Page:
The real threat of Uber goes well beyond taxis and how we hail a cab.
It goes to basic respect for the laws of the land, the willingness or ability of governments to enforce those laws, and to the responsibility we all bear to pay our taxes to support the kind of society we want for ourselves and our families.
At its heart, the problem with Uber is not only that it breaks the law, but that it does so with the tacit approval of our elected leaders — while those most directly hurt by Uber’s intrusion are held to a higher standard.
Last week, Toronto narrowly escaped traffic chaos with cancellation of a strike timed to the NBA All-Star game. The strike was called off when Toronto cabbies chose to respect the public by postponing their protest. It’s just too bad our governments refuse to show the same respect for the cabbies.
We now have a big multinational company coming in and deciding that the laws of the land don’t apply to it, and governments scrambling to accommodate it rather than enforce their laws.
Take Toronto Mayor John Tory, who continues to act irresponsibly by saying that Uber is here to stay and that industry and government must adjust — effectively encouraging the company to continue operating illegally while his council rewrites the laws to accommodate it.
Not only that, Tory warned that the full force of the law would be brought to bear against any drivers who participated in the planned protest against Uber.
Here we have the elected head of Canada’s largest municipality taking his time to consult on ways to rewrite the regulations so that one company, operating in open violation of his city’s own bylaws, can operate legally, while threatening legal action against those who work within the confines of the law.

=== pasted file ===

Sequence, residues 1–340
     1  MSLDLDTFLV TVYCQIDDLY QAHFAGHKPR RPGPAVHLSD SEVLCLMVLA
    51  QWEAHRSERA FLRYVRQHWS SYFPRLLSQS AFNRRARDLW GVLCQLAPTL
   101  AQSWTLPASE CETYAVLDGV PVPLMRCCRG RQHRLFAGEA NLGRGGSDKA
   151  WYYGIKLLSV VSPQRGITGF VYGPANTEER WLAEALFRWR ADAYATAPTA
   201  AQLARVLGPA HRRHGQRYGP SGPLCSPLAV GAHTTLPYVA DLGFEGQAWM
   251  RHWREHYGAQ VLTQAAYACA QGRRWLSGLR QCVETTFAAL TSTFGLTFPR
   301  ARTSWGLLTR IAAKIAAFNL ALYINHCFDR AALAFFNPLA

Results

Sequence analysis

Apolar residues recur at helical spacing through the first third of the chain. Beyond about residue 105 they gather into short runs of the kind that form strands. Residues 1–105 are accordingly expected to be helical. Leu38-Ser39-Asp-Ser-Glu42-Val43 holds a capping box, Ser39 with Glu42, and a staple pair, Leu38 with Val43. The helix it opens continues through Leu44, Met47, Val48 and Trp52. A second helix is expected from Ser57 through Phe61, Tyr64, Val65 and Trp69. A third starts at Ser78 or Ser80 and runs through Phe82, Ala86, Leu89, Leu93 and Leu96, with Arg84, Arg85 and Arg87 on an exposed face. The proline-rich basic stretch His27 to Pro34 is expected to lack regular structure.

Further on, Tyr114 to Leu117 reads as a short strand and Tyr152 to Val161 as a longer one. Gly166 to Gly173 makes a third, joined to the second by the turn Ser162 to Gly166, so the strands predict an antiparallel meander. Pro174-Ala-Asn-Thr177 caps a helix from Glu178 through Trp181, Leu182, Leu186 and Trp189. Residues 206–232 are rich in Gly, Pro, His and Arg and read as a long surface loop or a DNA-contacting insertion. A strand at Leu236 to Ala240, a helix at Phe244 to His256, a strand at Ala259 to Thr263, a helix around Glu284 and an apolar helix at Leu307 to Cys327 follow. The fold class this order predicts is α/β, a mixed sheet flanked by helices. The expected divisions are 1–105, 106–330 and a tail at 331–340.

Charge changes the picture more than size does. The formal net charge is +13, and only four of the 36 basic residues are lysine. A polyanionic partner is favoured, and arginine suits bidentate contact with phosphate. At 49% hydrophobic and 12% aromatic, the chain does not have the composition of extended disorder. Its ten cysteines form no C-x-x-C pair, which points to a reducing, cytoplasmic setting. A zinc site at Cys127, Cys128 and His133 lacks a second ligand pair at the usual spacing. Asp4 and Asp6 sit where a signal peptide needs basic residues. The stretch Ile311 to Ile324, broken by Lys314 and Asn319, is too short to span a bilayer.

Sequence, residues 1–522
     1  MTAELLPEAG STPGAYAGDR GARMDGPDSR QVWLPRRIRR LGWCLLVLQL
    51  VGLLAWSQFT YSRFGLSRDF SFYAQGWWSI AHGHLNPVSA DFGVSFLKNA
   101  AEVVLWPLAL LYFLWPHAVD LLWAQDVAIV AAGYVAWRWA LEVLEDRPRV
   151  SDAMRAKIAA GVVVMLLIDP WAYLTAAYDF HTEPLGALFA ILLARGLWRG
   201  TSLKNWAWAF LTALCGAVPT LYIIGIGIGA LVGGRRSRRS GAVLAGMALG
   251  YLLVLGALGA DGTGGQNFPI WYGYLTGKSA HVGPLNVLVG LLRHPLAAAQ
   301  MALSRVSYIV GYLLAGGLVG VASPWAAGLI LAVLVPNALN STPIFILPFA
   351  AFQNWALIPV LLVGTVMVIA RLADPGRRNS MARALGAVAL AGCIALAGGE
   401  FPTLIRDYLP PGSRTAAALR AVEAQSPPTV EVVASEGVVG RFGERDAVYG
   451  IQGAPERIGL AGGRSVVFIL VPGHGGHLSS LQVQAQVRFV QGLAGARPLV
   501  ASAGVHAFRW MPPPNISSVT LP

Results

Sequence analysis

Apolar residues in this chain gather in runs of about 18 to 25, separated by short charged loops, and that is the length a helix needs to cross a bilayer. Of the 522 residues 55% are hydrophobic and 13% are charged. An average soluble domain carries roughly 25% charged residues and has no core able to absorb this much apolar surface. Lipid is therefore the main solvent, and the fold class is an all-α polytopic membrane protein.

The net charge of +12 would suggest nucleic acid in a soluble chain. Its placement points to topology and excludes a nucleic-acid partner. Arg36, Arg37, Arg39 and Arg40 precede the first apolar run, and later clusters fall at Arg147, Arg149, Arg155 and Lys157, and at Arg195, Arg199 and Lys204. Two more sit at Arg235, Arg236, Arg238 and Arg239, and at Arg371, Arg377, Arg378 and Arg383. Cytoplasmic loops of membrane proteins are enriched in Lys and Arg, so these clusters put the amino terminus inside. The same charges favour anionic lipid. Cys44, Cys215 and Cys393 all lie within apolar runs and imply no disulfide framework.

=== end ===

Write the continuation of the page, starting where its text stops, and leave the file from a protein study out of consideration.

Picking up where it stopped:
In no other industry would it be acceptable for a company to continue breaking the law while the government fiddles.
If taxi drivers stopped paying fees, going for safety and environmental inspections, and started charging riders more than their regulated rates, they’d be taken off the road immediately. The laws and regulations governing the taxi industry evolved over time to reflect to reflect real safety needs and to protect riders — needs that still exist whether a cab is dispatched by an app on a phone.
Pricing is a good example. Cabbies are told how much they can charge as a protection for consumers against gouging when demand is high, or other situations. But Uber is permitted to use surge pricing whenever it sees fit and suddenly double or triple its prices — or even more.
In place of regulations that evolved over time, we now have a big multinational company coming in and deciding that the laws of the land don’t apply to it, and governments scrambling to accommodate it rather than enforce their laws.
No company should have that power. We have laws, and they must be enforced.
Cities across Canada are scrambling to come up with a patchwork of responses to Uber. That’s not good enough. To truly take this on, we need all sides in the issue — municipalities, the provinces, the federal government, cab companies and drivers — to come together and jointly develop a process to ensure a level playing field for both taxis and Uber in this country.
Municipalities regulate taxis. The provinces set the rules that municipalities work under and give them the tools to enforce their bylaws.
Ottawa has a stake in this, as well. Uber and its drivers are part of the underground economy, denying governments the revenue they need to fund health care and education, and to build the roads that both cabbies and Uber drivers use.
This underground economy in Canada takes $42 billion a year out of Canadian pockets. Allowing Uber to break the law not only adds to the underground economy, it legalizes the underground economy — and we can’t tolerate that as Canadians.
Taxes go to pay for such things as health care, law enforcement and all the things that make Canada such a great place to live. When big companies don’t pay their taxes, they put all that at risk.